Are You a Copy-Cat or Critical Coach?

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Commentary by Dr. Chris Zehntner, Swimming World Contributor.

Have you ever caught yourself saying something in your coaching practice that was straight out of the mouth of a former coach, a mentor or someone that you admire?

If so, then this is an embodied practice, something that you have subconsciously internalized and incorporated into your coaching practice. During our development as a coach we come across many shaping forces, some from the coaches that worked with us as athletes, some from mentor or colleague coaches and some from those we observe (Zehntner & McMahon, 2014) through the media (television news or movies).

How can we figure out what we have internalized and where it came from?

Reflection on practice is the process of looking at your actions (in this case coaching practice) so that you can participate in a process of continuous learning. This is something we are encouraged to do through the formal part of our coach education. I am sure many of you think about the effectiveness of swim sessions, season plans or dryland exercise. Reflective practice can also be used to consider what forces shape our beliefs, attitudes or even the mannerisms we express as a coach.

Why is it important to reflect?

Thinking critically about those forces that shape our practice is a way of investigating and reflecting on our coaching practice so that we can see how we came to be the coach that we are. Critical thinking is a social scientific method that seeks to detect bias, or practice with unsubstantiated evidence. This can help a coach to determine the credibility of information by identifying underlying assumptions and can help distinguish between fact and opinion.

Why do I need to do that? I hear you ask.

Most coaching practice is based on empirical knowledge that is developed through observation and experimentation. The issue with this is that research tells us that coaches value the skills and knowledge of our mentors and successful colleagues over what they learn in formal coach education (Zehntner and McMahon, 2014). So, as we go about the business of filling our coaching tool kit we may be internalizing practices that can be described as ‘taken for granted’ or ‘common sense’ approaches (Taylor and Garratt, 2010). We take it for granted because we value so highly the practice of more successful others. The danger with this is that some practices can be damaging for athletes’ health (emotional, physical and mentally) and can compromise their autonomy (Sterling & Kerr, 2014). To illustrate this point, have you heard or even said something along these lines;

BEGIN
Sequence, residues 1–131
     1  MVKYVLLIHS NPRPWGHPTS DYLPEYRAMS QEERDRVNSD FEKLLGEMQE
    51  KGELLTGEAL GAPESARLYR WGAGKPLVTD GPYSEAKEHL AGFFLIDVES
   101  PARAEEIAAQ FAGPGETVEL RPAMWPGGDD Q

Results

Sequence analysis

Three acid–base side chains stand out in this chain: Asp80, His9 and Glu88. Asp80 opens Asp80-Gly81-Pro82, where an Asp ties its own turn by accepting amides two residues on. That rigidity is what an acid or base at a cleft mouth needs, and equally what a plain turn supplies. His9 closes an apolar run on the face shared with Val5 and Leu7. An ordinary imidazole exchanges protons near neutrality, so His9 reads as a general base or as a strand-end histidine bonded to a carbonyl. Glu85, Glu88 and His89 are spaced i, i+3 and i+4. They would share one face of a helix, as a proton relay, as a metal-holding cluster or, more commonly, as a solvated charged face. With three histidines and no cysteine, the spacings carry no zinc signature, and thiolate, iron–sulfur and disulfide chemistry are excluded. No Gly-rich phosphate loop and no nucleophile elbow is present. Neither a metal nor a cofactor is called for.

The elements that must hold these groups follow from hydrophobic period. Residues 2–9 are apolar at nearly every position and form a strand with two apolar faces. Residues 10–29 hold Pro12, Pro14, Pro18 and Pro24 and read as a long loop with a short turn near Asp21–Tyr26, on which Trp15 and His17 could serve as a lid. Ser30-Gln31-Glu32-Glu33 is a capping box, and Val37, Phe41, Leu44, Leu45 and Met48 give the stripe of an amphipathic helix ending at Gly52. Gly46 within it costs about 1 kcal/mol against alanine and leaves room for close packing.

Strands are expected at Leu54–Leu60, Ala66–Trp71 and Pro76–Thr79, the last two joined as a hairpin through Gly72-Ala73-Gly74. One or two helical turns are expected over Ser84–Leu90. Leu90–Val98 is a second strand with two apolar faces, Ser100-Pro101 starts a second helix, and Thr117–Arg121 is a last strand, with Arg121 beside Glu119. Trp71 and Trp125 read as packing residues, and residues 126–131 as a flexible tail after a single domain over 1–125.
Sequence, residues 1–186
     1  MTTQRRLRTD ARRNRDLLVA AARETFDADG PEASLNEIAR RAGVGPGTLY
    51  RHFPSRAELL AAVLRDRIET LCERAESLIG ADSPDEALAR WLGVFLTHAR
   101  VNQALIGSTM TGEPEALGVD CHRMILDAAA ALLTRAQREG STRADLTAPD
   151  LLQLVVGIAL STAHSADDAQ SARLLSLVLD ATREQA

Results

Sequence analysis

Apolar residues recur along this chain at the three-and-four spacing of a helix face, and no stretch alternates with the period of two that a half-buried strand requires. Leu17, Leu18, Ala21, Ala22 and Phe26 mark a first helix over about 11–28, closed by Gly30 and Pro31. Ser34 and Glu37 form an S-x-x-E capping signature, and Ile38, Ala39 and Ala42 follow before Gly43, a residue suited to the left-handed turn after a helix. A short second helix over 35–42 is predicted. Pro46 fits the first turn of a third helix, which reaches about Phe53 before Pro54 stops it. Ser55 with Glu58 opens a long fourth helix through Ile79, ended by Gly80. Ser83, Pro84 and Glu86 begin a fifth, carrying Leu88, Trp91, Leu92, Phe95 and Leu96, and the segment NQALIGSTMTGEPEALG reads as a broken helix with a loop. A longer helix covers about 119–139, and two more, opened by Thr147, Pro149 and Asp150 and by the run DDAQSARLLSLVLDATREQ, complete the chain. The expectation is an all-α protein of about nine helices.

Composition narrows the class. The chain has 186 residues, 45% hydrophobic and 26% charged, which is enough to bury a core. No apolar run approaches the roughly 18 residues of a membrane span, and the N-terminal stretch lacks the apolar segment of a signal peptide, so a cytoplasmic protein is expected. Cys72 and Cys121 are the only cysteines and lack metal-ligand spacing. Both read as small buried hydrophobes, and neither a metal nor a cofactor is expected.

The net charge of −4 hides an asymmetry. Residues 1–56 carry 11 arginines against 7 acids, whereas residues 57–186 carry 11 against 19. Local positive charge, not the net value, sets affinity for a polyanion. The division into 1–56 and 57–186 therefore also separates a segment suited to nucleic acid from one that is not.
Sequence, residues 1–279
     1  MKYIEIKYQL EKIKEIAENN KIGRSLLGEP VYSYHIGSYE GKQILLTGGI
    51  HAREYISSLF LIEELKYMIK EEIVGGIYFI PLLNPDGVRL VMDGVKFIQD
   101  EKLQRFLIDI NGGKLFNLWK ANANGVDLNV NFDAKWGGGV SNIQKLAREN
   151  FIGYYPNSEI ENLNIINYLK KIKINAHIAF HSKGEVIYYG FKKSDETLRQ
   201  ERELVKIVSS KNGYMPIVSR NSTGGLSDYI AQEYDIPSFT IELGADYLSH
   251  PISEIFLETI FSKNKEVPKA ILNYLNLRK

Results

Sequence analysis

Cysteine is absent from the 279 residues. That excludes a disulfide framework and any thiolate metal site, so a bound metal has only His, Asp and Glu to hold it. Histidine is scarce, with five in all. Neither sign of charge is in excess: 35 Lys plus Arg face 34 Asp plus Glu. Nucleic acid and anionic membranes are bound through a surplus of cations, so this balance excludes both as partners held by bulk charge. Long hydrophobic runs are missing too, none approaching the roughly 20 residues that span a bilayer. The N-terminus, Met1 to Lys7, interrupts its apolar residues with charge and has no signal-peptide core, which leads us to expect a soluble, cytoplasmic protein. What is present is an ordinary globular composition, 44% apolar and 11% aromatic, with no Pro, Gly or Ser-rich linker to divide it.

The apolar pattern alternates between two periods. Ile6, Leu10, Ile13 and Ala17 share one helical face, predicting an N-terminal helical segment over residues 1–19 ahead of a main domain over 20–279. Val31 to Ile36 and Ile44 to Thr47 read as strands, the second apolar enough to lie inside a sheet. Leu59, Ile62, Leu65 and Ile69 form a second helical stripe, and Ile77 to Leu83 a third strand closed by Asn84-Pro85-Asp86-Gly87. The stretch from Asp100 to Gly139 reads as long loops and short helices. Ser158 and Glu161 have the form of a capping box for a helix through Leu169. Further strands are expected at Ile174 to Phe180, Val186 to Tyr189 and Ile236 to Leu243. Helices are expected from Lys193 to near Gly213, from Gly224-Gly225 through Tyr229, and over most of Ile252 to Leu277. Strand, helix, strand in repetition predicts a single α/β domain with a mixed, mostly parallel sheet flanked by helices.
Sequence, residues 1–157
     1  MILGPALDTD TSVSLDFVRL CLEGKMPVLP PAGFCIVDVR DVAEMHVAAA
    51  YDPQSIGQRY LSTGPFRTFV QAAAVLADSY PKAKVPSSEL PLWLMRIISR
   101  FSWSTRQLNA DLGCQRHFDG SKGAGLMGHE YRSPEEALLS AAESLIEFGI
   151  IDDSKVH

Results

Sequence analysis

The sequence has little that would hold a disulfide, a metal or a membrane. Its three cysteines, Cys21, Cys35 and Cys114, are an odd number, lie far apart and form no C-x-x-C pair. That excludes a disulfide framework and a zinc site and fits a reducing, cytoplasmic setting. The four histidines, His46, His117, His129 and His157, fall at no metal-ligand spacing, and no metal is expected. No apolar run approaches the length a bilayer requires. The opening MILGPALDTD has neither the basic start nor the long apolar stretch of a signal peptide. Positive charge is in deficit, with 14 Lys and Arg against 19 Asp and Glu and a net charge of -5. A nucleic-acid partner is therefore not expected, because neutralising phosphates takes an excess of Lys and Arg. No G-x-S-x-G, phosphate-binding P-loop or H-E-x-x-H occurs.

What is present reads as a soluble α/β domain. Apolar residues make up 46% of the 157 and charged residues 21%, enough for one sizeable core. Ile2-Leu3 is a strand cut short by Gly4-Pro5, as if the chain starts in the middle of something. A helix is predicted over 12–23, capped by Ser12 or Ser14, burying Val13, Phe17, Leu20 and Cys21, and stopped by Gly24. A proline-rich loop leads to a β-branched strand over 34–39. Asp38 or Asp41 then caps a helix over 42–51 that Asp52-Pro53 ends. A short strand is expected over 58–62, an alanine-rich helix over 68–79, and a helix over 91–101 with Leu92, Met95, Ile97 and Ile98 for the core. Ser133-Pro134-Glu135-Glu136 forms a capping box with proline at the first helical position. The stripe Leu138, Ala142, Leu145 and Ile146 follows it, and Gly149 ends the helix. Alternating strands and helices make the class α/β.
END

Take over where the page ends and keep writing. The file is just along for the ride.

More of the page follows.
“If anyone in this lane breaks stroke [or fails to do anything as described] the whole lane will repeat the set”

Now consider this from the perspective of Article 33 of the Geneva convention, with specific reference to the use of collective punishment (ICRC, 2014). Intuitively we know that this practice is wrong, but why does it still happen? The critical and reflective coach would speculate that it has much to do with the way that coaches like to achieve athlete compliance through subtle social influence rather than overtly dominant practice.

The subtext or hidden meaning in the above statement is more like; “Do as I say, or everyone in the lane will hate you”.

That may be what we are trying to achieve, but how did we come to use such an approach in our practice? It was likely a strategy we first experienced as a participant in sport, or perhaps it was overheard being used by a respected other. Such an approach embeds in our subconscious and without so much as a second thought, it can emerge in our practice.

So, while much of what we internalize from those coaches around us has some basis in empirical knowledge and will have a positive impact on our athletes, the opposite can also be true. We need to be mindful that floating among the gems of coaching wisdom are damaging practices that need more critical thought.